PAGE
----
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Quantum Barrier Potential (should be easy)

  1. Oct 17, 2008 #1
    1. The problem statement, all variables and given/known data

    A 10-eV electron is incident on a potential barrier of height 25eV and width 1 nm.

    Use equation 6-76 to calculate the order of magnitude of the probablity that the electron will tunnel through the barriers.

    Repeat with width .1nm

    2. Relevant equations


    Equation 6-76 is:

    E = Electron Enegy
    V = Potential
    a = width

    T = 16 (E/V) (1- (E/V) e -2aw

    To get w

    w = sqrt ( 2m (V-E)) / hbar

    where m = mass of electron
    hbar= 6.582119 x 10-16 eV*s



    3. The attempt at a solution

    I know these are the right answers ( they are given)
    4.95 x 10-13 and 0.197

    Seems to be a simple plug and chug problem, but, However, when I plug the known values into my calculator, the expontential goes to 0. I dont know if my dimensional analysis matched up or not (im using hbar in ev*s though), or maybe my calc is limited in the size of the numbers it can display.

    Also, IM not sure what 'order of magnitude' means in the context of the question.
     
  2. jcsd
  3. Oct 17, 2008 #2
    I suspect you have an error in units when you are finding w:

    If you use m in kg, and the energies of the electron and barriers in eV, and hbar as you've given, then your units are sqrt(kg)*sqrt(eV)/(eV*s) = sqrt(kg/eV)/s.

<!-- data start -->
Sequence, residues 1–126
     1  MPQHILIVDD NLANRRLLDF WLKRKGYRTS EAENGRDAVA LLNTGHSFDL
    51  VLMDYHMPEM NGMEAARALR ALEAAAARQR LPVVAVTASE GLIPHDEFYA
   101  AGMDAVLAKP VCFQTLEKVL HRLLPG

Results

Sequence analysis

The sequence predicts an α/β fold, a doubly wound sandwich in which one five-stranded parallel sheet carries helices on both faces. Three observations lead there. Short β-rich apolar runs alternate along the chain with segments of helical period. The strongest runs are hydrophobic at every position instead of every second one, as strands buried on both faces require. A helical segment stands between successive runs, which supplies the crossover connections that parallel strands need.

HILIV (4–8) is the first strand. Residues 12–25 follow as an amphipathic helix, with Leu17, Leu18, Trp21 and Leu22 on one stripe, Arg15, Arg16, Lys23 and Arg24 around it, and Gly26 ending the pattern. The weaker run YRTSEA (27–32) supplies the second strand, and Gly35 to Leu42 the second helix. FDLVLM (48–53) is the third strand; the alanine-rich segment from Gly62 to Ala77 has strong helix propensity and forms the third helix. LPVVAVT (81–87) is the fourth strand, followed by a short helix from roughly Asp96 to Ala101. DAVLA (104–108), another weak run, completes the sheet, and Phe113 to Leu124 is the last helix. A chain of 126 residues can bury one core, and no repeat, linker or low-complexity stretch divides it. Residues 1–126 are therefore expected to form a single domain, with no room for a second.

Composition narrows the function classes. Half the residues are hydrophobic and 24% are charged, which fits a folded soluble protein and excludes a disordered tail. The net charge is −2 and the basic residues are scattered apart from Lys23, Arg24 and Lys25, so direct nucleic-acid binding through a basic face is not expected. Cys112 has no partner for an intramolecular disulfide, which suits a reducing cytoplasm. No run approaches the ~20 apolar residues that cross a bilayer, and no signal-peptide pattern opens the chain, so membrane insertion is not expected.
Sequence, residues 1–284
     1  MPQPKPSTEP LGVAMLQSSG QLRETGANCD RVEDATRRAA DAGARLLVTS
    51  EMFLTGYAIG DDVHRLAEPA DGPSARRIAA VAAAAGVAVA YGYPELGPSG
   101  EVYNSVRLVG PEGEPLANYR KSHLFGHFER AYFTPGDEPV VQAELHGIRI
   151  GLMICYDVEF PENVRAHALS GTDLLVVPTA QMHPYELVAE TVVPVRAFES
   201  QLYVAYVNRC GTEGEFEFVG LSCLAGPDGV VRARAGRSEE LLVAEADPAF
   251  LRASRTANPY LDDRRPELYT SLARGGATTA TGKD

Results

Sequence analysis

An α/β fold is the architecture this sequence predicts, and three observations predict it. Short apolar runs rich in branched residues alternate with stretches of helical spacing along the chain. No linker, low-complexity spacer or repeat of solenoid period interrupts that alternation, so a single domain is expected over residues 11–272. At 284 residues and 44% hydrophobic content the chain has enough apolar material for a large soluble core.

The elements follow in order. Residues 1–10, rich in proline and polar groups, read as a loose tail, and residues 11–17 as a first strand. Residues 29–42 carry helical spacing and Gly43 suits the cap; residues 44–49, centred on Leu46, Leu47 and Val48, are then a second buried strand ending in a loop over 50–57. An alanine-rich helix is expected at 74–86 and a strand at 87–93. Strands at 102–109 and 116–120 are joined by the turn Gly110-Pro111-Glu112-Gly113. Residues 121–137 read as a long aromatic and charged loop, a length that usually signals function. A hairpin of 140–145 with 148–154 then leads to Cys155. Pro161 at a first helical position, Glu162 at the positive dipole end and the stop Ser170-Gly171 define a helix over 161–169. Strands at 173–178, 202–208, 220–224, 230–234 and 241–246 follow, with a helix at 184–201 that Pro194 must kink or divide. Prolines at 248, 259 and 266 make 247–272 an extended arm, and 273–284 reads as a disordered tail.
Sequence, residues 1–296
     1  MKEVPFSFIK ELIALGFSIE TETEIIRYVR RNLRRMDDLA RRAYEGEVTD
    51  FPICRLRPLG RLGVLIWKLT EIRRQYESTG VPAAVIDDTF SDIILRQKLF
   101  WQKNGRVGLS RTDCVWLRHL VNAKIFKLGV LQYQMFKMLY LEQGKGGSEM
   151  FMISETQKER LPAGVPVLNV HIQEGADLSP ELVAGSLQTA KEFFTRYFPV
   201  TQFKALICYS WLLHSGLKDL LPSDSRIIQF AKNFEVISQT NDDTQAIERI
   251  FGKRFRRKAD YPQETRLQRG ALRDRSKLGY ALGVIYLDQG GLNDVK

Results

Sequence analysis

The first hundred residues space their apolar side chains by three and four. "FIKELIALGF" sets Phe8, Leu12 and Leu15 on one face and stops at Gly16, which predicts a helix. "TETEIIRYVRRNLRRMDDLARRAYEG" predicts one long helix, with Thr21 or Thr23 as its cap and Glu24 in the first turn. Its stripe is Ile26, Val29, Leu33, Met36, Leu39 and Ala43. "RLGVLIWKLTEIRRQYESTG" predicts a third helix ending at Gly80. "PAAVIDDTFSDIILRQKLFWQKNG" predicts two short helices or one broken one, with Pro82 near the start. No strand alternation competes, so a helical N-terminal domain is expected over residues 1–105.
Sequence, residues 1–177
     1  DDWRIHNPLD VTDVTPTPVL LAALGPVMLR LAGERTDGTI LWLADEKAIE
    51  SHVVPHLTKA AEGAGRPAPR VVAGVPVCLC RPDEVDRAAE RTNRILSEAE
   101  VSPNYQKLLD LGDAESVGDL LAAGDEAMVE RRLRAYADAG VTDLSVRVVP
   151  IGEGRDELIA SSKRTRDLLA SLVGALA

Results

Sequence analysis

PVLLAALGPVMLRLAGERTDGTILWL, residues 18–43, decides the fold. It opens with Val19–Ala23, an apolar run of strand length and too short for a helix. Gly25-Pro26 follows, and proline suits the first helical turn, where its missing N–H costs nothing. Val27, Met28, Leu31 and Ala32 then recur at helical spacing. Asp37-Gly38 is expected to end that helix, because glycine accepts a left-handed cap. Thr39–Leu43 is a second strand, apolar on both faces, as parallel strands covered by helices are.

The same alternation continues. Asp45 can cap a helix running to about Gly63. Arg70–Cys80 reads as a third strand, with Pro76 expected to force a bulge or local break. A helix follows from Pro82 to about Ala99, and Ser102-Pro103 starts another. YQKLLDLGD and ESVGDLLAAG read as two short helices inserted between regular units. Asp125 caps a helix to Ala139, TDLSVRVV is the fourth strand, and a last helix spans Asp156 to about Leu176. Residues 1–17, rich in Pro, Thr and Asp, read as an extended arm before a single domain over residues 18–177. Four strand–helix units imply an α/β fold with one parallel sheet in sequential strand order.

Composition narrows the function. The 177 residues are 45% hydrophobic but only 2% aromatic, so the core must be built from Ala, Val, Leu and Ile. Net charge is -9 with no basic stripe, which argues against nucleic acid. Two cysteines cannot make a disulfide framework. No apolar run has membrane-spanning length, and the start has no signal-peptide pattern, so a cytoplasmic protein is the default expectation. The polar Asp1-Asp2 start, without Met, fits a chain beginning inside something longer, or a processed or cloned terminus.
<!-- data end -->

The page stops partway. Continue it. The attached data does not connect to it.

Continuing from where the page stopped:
This does not reduce to inverse meters, which you'd need to cancel out the width of the barrier in the exponent (assuming you are using the width in meters).

    I suggest converting your energies of the electron and barrier to SI units (Joules) and using hbar in SI units (Joules*s).

    It doesn't matter when you find the factor before the exponent (because there one uses ratios of energies... units cancel since the conversion is multiplicative)... but it does matter in the exponent.

    Also: sometimes when the probabilities are low, calculators can just end up giving you zero... you should write out all your steps if this is happening and do the math with the numbers and the factors of ten separately if possible.
     
  4. Oct 17, 2008 #3
    But, if you use the mass of the electron in MeVs, everything's gravy! Why convert all the factors into Joules when you could convert the one remaining factor into eVs?
     
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